How to Assess Your Risk Before Moving to the CloudAs business owners, we often hear about the many benefits of migrating data to the cloud. Flexibility, streamlining, and achieving economies of scale are just some of the advantages regularly touted on behalf of cloud computing.

But, what about the other side of the coin – the risks that are inherent in any business endeavor?

Cloud Computing Risks

Here is a rundown of the various risks companies face when operating in the cloud:

Customer Risk: As a cloud customer, you retain legal responsibility for data backup, data protection regulation, enabling and updating software, managing migration between systems, and application-level network security such as firewalls and antivirus software.

Supplier Risk: Supplier risk exposure, which could affect your company, includes physical security of the data center, accidental data deletion, and failing to perform scheduled backups.

Even though these risks exist in the cloud, businesses need to understand that cloud customers generally retain control over their data. Understanding how your data is protected can make the cloud seem less like risky business.

Assessing Your Risk

Since one of the greatest fears, regarding the cloud, is the loss of control, understanding that you still have complete control over your data should ease your concerns.

To increase your cloud comfort level, you can conduct a simple risk assessment of your current provider, or as you are shopping around for cloud services. Here are the things to check for:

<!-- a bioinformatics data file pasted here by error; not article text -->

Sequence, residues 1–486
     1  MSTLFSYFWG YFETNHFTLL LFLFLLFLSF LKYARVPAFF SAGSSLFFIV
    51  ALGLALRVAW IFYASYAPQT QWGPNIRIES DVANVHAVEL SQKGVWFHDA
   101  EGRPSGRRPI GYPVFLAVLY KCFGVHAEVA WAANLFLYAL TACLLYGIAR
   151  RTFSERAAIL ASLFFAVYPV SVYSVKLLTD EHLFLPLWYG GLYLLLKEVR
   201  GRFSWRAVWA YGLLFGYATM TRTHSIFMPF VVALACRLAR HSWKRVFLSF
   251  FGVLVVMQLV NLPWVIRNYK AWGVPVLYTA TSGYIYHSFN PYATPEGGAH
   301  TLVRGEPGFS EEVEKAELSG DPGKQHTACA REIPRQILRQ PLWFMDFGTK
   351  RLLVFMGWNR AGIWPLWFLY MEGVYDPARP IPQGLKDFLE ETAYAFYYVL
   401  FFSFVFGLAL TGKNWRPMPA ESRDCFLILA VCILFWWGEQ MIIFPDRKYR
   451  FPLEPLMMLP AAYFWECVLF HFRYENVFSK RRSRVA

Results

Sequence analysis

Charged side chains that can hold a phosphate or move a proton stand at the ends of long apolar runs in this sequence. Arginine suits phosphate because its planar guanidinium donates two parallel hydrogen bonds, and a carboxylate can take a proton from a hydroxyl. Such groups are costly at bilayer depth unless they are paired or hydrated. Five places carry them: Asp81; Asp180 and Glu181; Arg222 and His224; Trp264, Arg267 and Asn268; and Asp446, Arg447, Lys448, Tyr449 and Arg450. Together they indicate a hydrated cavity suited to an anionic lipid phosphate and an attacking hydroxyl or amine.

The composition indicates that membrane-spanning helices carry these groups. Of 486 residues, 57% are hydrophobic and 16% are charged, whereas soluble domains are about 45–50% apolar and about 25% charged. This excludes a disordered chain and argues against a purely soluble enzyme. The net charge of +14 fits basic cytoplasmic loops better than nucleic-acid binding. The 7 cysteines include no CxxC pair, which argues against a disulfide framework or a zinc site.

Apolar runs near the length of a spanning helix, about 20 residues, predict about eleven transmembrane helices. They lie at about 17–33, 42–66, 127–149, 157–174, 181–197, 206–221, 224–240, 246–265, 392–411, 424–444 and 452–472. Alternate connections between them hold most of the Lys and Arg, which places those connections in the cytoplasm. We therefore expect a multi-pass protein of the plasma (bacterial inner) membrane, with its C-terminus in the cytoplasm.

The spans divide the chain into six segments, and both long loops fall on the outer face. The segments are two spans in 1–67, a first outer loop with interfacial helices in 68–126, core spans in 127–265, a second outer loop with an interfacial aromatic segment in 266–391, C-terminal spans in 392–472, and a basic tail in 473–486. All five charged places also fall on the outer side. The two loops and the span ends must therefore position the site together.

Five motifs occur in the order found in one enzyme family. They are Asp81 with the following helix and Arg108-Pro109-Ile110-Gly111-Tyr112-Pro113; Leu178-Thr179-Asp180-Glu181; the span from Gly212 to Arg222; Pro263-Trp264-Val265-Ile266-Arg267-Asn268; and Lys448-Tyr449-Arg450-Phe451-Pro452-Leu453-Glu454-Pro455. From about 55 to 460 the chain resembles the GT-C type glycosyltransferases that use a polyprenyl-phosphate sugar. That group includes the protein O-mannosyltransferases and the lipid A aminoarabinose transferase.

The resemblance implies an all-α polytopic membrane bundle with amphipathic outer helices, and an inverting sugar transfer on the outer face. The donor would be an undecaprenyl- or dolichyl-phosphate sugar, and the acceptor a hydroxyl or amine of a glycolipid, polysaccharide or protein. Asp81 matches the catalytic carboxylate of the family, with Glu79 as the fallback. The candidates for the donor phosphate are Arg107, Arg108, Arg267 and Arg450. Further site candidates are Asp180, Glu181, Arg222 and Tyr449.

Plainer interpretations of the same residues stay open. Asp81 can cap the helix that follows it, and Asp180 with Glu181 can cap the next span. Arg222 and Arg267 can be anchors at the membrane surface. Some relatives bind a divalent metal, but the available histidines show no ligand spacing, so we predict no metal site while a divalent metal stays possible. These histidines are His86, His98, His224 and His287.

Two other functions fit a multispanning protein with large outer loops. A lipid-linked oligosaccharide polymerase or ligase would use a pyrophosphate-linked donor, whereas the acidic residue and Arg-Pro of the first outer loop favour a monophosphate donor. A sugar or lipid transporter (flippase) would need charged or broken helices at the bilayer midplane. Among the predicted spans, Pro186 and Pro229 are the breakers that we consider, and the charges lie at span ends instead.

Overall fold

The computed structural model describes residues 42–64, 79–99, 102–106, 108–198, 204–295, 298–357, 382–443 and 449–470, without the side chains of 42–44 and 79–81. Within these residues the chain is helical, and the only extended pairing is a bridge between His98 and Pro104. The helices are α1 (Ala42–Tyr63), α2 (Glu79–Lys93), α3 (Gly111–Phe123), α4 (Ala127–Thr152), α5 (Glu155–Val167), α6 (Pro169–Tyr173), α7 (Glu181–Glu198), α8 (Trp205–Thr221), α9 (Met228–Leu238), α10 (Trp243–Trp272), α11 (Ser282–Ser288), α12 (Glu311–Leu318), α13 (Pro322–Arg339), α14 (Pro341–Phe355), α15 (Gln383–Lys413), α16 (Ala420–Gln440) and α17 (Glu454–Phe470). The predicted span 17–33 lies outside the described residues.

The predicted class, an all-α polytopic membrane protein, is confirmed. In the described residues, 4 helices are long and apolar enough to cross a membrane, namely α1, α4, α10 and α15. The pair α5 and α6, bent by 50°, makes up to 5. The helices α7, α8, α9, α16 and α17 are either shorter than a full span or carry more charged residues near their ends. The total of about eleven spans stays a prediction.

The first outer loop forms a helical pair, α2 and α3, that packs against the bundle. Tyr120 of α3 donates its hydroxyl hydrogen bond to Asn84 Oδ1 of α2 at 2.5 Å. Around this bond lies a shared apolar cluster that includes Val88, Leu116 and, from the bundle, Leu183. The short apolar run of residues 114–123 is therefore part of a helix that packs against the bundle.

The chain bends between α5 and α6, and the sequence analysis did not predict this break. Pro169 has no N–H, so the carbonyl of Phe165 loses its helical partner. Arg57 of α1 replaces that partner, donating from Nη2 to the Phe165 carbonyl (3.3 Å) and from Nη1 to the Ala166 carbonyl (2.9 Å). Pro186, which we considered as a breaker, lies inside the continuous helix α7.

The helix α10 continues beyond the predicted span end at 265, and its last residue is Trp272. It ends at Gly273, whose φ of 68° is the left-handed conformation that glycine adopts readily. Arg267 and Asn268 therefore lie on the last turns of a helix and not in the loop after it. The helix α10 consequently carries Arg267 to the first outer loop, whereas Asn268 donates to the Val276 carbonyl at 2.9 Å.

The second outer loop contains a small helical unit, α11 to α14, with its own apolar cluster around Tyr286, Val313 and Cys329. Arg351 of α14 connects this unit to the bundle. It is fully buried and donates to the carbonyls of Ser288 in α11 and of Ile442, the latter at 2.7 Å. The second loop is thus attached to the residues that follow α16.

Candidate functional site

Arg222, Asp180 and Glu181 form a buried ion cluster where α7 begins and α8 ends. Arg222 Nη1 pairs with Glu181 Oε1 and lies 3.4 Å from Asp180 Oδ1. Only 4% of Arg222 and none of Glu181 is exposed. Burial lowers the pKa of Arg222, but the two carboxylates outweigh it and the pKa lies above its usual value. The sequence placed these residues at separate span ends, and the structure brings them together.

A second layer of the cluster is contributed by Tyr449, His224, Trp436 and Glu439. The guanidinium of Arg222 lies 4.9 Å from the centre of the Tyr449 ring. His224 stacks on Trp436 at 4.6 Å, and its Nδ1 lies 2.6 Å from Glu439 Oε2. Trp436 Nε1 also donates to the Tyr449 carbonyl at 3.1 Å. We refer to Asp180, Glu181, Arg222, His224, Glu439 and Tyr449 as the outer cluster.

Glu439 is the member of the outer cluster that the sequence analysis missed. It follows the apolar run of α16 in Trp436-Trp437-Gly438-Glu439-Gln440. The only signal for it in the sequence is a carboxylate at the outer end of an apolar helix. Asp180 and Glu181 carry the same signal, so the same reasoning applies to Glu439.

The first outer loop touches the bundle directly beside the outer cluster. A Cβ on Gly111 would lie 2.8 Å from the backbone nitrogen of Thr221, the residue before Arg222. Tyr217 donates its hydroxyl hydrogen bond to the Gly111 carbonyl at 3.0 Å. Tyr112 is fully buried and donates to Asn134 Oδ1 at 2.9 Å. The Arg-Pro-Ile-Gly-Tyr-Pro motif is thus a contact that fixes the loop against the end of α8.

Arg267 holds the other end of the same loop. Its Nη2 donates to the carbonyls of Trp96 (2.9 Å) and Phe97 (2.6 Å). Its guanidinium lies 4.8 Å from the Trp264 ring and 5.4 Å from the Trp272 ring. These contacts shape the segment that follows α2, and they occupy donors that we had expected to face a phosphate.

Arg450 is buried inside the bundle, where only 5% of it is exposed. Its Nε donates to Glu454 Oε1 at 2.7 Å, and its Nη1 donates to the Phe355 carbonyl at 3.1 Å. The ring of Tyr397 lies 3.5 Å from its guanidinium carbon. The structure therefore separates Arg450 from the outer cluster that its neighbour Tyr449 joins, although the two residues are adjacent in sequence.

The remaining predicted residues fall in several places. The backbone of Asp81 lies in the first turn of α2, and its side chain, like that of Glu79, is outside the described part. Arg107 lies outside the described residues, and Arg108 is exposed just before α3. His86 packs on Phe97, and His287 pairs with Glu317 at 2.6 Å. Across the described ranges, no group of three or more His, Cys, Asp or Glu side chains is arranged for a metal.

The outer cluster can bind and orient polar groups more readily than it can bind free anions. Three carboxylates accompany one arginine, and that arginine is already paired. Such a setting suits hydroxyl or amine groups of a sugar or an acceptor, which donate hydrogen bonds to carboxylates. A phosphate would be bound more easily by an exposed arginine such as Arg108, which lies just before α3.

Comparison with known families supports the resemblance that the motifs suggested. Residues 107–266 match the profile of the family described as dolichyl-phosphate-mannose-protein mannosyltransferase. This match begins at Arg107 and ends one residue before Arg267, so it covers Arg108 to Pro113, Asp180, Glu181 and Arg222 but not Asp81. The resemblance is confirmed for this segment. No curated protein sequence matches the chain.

1. Availability: Not every cloud provider assures availability, and some can provide more assurance than others. This concern should be at the top of your list as you evaluate vendors.

2. Data Breach: Ask the cloud provider to explain the safeguards they have in place to prevent data from being accidentally or maliciously accessed by the wrong people.

3. Data Loss: Along the same vein, find out what the provider will do if your data becomes lost on their system. Knowing what would happen in a worst-case-scenario can help you prepare for it.

4. Malicious Insider: Finally, be sure to inquire about any previous breaches that have occurred with the company, including any reports of malicious attacks from inside. Although rare, these situations do exist. A professional company will be happy to discuss your concerns and answer your questions.

While moving to the cloud does carry risks, these risks are manageable if you prepare for them. The only way to truly prepare for any risk is to conduct a thorough risk assessment prior to implementation. Checking off the list of concerns above will help ensure you have vetted your cloud provider so you can relax and enjoy the benefits of the cloud.